Science is under attack

LETTER

In our world of fake news and “alternative facts”, science is being attacked. Scientists have been shaken up by President Donald Trump and his team’s anti-science actions, particularly on climate change policies.

Saturday, April 22 is Earth Day. More than 100 cities around the world will march for science, celebrating it and the very real role it plays in our everyday lives. Science and scientists deserve respect and encouragement for the research they do that gives insight into our world.

We will host the world’s first marches for science. Auckland, Christchurch, Dunedin, Wellington and Palmerston North will all hold events.

Scientific fact-resistance exists in New Zealand here as well, for example:

• Over the past six years, repeated prompts from the Prime Minister’s science adviser for stronger climate change action have netted low-key responses.

• PM Bill English openly says he is wary of “extreme” views about the appropriate response to climate change.

• Sir Peter Gluckman produced a recent report highlighting a serious degradation in New Zealand’s freshwater quality. It is not getting the urgent consideration deserved by the Environment Minister.

• Nick Smith earlier altered water standards to double the number of swimmable waterways.

Why have a science adviser if his advice is to be ignored?

New Zealand aims:

• to highlight that science is international;

• to acknowledge that good scientists can be political;

• to promote greater inclusion in science; and

• to bring awareness that science includes social as well as physical sciences.

Today we have anti-science politicians and others manipulating our world. We the people must speak out in defence of science. The future depends on what we do now.

BOB HUGHES

In our world of fake news and “alternative facts”, science is being attacked. Scientists have been shaken up by President Donald Trump and his team’s anti-science actions, particularly on climate change policies.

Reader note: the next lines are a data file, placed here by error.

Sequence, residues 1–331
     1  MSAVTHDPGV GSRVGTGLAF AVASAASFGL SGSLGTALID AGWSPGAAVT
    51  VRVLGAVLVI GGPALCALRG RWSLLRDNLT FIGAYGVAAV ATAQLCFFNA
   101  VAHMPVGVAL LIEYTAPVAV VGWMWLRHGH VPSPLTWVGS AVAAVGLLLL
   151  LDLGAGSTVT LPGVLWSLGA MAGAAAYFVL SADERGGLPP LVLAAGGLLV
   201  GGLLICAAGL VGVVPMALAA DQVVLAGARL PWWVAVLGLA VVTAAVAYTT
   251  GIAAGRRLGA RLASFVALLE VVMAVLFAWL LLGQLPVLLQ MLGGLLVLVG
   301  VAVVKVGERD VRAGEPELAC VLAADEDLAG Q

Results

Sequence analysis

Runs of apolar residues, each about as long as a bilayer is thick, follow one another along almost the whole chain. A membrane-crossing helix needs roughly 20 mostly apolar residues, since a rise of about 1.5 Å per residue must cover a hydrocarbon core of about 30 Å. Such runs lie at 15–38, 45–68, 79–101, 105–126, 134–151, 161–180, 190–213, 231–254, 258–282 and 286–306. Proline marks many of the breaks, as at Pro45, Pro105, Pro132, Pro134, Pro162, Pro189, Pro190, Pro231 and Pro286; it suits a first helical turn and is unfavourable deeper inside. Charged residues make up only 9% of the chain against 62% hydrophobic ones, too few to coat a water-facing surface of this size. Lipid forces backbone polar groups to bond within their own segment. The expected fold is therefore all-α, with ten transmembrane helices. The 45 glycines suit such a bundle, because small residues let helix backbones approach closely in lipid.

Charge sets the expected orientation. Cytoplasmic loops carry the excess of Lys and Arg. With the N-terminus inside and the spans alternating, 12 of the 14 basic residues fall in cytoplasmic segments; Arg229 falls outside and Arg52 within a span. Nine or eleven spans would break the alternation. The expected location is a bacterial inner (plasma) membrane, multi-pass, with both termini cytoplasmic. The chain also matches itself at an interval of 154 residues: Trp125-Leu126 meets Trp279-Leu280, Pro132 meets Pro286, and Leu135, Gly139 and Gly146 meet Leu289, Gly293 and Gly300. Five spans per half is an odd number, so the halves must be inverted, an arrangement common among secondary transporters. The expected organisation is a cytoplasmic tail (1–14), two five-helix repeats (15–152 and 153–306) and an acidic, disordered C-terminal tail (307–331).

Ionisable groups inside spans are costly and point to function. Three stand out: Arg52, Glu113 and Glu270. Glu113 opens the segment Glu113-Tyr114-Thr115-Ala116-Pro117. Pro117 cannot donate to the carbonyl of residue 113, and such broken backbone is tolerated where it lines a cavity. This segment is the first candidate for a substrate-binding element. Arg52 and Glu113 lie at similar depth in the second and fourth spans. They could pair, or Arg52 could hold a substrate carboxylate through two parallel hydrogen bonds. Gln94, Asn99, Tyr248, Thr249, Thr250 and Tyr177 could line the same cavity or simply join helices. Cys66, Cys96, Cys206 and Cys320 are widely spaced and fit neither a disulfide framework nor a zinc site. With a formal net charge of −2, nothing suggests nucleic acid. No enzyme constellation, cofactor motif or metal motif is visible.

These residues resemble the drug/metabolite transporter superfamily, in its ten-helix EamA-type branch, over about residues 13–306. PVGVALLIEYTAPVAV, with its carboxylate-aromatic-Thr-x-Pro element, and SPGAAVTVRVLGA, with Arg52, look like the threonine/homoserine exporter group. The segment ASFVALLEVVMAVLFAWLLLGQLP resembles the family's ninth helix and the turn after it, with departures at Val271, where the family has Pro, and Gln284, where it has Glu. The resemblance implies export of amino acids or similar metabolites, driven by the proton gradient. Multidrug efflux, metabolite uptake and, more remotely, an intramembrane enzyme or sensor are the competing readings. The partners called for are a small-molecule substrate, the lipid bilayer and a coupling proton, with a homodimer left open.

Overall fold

Saturday, April 22 is Earth Day. More than 100 cities around the world will march for science, celebrating it and the very real role it plays in our everyday lives. Science and scientists deserve respect and encouragement for the research they do that gives insight into our world.

We will host the world’s first marches for science. Auckland, Christchurch, Dunedin, Wellington and Palmerston North will all hold events.

Scientific fact-resistance exists in New Zealand here as well, for example:

• Over the past six years, repeated prompts from the Prime Minister’s science adviser for stronger climate change action have netted low-key responses.

• PM Bill English openly says he is wary of “extreme” views about the appropriate response to climate change.

• Sir Peter Gluckman produced a recent report highlighting a serious degradation in New Zealand’s freshwater quality. It is not getting the urgent consideration deserved by the Environment Minister.

• Nick Smith earlier altered water standards to double the number of swimmable waterways.

Why have a science adviser if his advice is to be ignored?

New Zealand aims:

• to highlight that science is international;

• to acknowledge that good scientists can be political;

• to promote greater inclusion in science; and

• to bring awareness that science includes social as well as physical sciences.

Today we have anti-science politicians and others manipulating our world. We the people must speak out in defence of science. The future depends on what we do now.

BOB HUGHES

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